August 17, 2013 by Pamela Hale Trachta
Managing Those Inner Critics
Do you hear voices?
In case you think that's an accusation, everyone I know does. I mean right now I hear a voice saying I really should not be writing this in my nightie, since it's 11am and that is unseemly, or something like that. Lazy. Irresponsible. Hear that inner critic?
The good thing is that right now, I'm just not listening. I'm listening to another voice inside that is asking me to focus on what you as a reader might need right now, and how to approach today's topic.
"Good for you," you might be saying to me. "But what if I can't stop listening to the critical voice?"
That would be one of the most important questions you could ask. Especially if you suffer from an eating disorder. Because I know that learning how to manage those inner critical voices is a key to your recovery.
You probably have developed very articulate inner critics who tell you that you don't look right and don't have control over yourself. Then these voices shame you for objecting to what they're saying, and then tell you how messed up you must be because you're listening. And on and on.
Anne Lamott, one of my favorite authors, says this is like being tuned into station KFUK.
So how do you change the station?
Here are some simple but powerful tips to put you back in control with your hand on that radio dial:
1. When you hear a voice criticizing you, ask it who is speaking. Ask how old it is.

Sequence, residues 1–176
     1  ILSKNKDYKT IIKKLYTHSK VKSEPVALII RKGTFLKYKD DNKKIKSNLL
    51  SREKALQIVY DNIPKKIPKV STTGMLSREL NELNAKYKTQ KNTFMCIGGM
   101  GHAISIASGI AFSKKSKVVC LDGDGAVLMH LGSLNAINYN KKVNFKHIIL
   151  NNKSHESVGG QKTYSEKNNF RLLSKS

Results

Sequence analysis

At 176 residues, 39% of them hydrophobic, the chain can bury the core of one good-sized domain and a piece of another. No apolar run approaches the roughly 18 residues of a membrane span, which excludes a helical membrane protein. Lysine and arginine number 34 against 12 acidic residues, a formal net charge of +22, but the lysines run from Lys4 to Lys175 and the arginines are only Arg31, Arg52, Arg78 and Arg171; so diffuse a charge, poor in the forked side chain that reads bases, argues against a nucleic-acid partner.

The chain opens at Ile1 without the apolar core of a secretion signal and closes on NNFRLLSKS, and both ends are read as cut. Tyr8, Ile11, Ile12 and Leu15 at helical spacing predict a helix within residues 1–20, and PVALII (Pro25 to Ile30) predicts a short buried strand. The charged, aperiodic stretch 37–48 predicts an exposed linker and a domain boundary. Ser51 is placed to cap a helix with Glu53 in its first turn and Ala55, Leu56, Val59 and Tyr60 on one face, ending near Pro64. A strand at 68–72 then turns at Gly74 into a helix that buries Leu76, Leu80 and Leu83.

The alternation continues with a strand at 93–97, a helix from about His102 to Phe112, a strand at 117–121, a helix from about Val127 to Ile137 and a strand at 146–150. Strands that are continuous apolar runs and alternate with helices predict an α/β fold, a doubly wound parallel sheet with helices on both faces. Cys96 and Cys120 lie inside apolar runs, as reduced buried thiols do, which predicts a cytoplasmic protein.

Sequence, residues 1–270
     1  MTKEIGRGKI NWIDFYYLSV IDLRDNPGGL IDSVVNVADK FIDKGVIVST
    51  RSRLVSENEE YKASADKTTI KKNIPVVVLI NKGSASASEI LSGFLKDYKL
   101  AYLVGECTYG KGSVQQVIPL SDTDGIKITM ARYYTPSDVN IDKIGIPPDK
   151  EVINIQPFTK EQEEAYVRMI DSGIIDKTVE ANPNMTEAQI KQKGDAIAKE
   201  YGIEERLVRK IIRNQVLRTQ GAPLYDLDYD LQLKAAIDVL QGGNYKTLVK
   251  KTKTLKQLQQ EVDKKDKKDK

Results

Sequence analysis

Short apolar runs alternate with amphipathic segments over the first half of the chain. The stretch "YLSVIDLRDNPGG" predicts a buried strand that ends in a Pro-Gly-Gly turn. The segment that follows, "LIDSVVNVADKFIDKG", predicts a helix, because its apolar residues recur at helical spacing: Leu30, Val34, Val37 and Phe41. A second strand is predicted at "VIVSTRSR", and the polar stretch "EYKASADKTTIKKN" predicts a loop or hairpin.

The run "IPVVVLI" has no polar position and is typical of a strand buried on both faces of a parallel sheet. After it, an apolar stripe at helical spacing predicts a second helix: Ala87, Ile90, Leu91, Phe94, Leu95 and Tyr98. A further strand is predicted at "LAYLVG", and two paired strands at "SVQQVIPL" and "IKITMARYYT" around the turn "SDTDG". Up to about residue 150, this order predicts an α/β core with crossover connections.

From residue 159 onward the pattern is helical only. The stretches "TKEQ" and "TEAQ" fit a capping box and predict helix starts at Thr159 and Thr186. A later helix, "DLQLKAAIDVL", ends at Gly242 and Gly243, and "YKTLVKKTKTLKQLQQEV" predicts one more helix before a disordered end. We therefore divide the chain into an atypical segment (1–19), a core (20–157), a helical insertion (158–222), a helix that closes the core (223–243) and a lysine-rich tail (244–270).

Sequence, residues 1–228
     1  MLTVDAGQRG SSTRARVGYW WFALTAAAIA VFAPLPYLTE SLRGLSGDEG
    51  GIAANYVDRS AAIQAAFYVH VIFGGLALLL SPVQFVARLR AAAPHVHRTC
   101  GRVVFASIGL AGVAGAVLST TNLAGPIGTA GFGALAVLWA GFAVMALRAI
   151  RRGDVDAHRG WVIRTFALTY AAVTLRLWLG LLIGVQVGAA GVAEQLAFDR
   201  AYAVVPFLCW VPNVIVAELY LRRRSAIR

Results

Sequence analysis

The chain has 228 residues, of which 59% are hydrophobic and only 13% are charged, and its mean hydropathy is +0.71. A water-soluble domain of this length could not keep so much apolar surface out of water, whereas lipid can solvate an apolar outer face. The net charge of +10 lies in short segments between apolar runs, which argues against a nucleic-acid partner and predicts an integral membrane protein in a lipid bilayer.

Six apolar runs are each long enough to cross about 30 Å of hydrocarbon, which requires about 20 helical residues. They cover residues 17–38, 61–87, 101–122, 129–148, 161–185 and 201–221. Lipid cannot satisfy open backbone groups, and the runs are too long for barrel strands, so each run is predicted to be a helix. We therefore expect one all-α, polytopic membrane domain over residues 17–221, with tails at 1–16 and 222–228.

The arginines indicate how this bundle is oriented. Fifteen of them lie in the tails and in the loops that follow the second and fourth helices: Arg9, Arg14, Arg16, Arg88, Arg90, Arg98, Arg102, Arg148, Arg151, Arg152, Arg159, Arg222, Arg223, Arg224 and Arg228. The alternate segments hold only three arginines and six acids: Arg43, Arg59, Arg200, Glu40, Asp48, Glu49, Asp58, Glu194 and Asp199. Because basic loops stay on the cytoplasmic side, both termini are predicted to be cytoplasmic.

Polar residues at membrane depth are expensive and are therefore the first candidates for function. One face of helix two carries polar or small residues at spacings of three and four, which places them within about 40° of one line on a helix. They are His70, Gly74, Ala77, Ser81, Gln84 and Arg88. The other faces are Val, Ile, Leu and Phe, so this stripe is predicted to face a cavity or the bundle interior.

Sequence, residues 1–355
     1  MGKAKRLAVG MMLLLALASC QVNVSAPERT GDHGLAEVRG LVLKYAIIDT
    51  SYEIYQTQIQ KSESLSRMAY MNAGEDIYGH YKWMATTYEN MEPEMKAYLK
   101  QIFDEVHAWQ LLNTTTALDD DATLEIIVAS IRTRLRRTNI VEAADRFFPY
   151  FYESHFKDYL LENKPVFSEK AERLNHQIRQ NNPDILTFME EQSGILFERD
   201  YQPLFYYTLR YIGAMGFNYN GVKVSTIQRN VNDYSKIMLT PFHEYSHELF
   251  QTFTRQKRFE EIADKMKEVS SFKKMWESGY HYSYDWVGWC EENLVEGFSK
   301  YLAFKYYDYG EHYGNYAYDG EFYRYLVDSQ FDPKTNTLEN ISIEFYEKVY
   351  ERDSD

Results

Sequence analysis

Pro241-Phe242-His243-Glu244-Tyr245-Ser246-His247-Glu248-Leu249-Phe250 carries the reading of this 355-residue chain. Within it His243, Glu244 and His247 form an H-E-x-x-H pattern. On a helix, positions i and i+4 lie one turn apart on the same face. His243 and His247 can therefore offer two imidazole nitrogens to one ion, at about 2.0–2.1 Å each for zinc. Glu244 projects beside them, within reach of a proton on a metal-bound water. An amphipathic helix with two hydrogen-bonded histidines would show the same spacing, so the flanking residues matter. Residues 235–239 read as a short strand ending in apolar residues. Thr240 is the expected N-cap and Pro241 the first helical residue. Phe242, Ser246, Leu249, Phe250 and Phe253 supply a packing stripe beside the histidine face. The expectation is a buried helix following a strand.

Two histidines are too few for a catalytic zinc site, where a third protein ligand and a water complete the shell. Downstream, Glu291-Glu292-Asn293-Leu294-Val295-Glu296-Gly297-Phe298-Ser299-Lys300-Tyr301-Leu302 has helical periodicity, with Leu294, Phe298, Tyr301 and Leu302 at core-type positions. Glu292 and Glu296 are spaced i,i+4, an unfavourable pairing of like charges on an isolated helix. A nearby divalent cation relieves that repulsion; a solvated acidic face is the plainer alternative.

2. If the voice is the voice of a younger you, treat her as you would a treasured child. Give her a hug and tell her you're in charge now and you will keep her safe.
3. If you can't hear anything but static, simply STOP and breathe. See if you can quiet your body and listen. The hardest thing is to just sit with the feeling and remember it is just a feeling.
4. Ask inside to hear the 'voice' of an energy inside you that is positive and loving. They're there. We all have an archetypal Great Mother inside, a Queen, and a Heroine. See if you can find those.
5. Simply change the frequency. Get up and do a yoga pose or jumping jacks. Put on some music. Call a friend. Ignore the tyrant.
6. Get some help with the voices. There are so many wonderful therapies for this uniquely human problem. (When was the last time you heard a lion criticize itself?)
7. Congratulate yourself every time you practice one of these interventions.
8. Mostly, don't feel crazy or alone. We all have critical voices and they are part of human suffering, and definitely part of eating disorders. But we can learn to manage what we listen to. We can learn to change our thoughts. We can learn to believe that we're all right, exactly as we are.
Honestly, it's just a matter of practice.